But if you typically aim for the 10-ring on the 3-Ds, where the blood vessels are EVERYWHERE... AND they're the high-pressure circuits, AND you run a much higher risk if clipping a scapula or a leg-bone, or hitting into (or above) the spine in "no-man's land"... Did you ever think that maybe in the part of the animal with all the hard stuff in it, you would be better served by something just a little bit narrower, but a lot closer to bomb-proof???
So yeah, I'm on a first-class rant and yes, I'm needling you a bit. So try to keep your sense of humor... But if these aren't a brilliant example of a massively marketed, highly problematic solution to a non-existent problem, I really don't know what is....
i love them for Turkeys ! i'm my opinion they are the best for body shots because alot of the energy is absorbed upon the blades opening.
The key to shooting the rage, or rage extreme, schacker, or similar heads are arrow weight.
if you shoot the newest, fastest bow with a 350 grain arrow you can expect to have penetration issues. But a whitetail is not a huge animal and is relatively easy to penetrate, until something goes wrong.
i would recommend at least 450 grain arrows and 65lb draw minimum, a slightly weighted insert will help as well.
I am a bonified fixed blade shooter, but if i were shooting a mechanical it would be the Rage Hypo 125 grain +p - it doesn't have the really broad blade angle.
The advantage to me, is that if I screw up and hit back (lots more deer to hit that direction than the shoulder, where more blade is going to worsen things for sure), the odds of a relatively quick passing for the deer go up. That's my theory. Thankfully only once have I needed that theory and it didnt matter because I took out the renal artery and kidney, that was a fast kill, but luck would have happened there with any head.
Hopefully I dont find out if my theory is good. I'd rather stick to lungs.. But overall, they have worked great and stuck in the ground on passthrough for me.
Not sure if that would be the case on larger than deer sized animals, but I'm only hunting deer with my bow, so for me, they have worked great.
olebuck - I agree with you, on TV I see such poor penetration, its ridiculous,,,,,, today its accepted, when I started out in archery, penetration like that would never be acceptable
I shoot Slicktrick Vipertricks too, but after putting one through the lungs of a doe the year before gave me a minimal blood trial. So much so, it made finding her in the dark difficult. She only when about 100yds but was in thick treetops and grass.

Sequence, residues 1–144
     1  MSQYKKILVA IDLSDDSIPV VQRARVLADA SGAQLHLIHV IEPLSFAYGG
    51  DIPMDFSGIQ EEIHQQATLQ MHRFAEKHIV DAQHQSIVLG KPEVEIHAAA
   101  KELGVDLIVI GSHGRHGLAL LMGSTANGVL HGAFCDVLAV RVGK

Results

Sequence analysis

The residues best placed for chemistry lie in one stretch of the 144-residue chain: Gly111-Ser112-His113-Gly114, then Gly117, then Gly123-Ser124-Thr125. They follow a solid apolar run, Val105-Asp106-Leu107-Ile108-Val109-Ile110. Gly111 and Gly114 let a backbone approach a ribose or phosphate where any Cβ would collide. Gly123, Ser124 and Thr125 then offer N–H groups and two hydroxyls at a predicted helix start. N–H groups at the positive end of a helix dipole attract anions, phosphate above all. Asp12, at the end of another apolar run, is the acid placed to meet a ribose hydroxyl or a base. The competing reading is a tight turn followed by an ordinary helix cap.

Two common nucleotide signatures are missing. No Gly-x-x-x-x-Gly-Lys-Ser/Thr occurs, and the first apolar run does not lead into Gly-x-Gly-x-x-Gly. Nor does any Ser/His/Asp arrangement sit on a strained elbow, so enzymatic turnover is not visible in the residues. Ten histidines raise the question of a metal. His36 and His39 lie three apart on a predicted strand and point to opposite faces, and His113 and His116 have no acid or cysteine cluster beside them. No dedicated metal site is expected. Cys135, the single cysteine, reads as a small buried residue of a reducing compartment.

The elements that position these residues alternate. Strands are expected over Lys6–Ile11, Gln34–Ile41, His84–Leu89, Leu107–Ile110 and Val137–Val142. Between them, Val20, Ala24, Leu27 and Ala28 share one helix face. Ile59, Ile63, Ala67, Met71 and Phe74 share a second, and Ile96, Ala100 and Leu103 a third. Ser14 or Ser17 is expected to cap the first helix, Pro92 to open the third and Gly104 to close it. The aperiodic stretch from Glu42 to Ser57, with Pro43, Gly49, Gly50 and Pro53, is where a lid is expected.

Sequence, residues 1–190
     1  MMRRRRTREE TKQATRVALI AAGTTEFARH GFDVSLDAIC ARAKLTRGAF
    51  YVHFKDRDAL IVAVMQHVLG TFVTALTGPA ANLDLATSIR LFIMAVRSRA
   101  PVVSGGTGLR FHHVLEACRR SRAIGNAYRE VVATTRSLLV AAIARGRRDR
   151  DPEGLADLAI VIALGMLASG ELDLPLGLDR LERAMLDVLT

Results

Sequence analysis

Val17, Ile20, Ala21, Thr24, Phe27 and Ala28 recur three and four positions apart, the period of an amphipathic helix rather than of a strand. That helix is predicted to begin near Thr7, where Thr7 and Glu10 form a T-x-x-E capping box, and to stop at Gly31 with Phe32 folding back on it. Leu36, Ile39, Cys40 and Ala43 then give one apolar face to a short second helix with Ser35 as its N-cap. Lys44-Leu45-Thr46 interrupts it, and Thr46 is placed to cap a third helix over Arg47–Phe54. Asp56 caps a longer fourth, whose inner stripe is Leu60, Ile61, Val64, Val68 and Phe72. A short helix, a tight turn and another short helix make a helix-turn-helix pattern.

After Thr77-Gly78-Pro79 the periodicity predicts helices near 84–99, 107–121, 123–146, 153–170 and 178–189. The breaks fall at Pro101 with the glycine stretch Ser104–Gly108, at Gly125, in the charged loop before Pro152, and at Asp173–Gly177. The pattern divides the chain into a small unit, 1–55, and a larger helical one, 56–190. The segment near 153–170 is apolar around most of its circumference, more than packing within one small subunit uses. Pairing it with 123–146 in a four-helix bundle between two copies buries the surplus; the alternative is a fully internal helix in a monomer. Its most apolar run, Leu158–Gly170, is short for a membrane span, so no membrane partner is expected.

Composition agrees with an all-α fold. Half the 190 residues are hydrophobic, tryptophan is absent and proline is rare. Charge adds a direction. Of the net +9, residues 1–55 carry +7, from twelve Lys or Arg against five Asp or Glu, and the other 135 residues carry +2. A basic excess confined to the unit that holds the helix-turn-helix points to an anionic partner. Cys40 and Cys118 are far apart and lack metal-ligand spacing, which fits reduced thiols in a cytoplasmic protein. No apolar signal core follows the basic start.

I like seeing blood on the ground. The more the better IMO. I've got the KE in my setup to shoot any broad head I want, but mechanicals shouldn't be used by everyone. A hunter as got to know his/her limitations.
That is some VERY impressive penetration, and the fact that 1 blade was only bent (vs. snapped off entirely) is quite a thing as well. Of course, NAP does make the old standby Thunderhead, and those are obviously direct descendants...
So was that on the way In or Out? Only thing is that I'm having trouble seeing how either one of the blades got through there, but I have to imagine that if the arrow had been stopped by that bone, you likely wouldn't have the pictures of it... And that deer is very clearly, most sincerely dead....
On the flip side; you kind of got lucky BECAUSE you centered the bone so neatly - just thinking what would have happened if the tip of the head hadn't shattered the bone for you and just one of the two blades had slammed to a stop against it? Safe to guess that that blade would have been bent at the least, , but it would have tried to turn your arrow sideways the process, and that's not too good for penetration....
Otherwise... In an absolute sense, I DO agree that more blood on the ground is preferable to less; I just tend to weigh my risks and rewards, and I'm more likely to accept a fairly high probability of some small problems than a lower probability of something major hitting the fan. Like less blood on the ground most of the time, rather than very little or none some of the time.
Now, I will most likely NEVER use a mechanical, because I have no intention of ever using a compound again unless I'm physically limited to either that or a crossbow... but the same thing applies when I'm thinking about 2 blades or 3 or 4 and/or the design of one of the heads that I DO use. And I've pretty much settled on a moderately wide 2-blade COC that's relatively longer and more slender, because the highest-KE combo that I own puts out all of 35.5 FPE. That SHOULD be plenty enough for pass-throughs on deer and complete penetration on Elk, and as long as I get two holes to work with, I'm a pretty happy guy... because what puts more blood on the ground - two, 1" holes or one, 2-incher??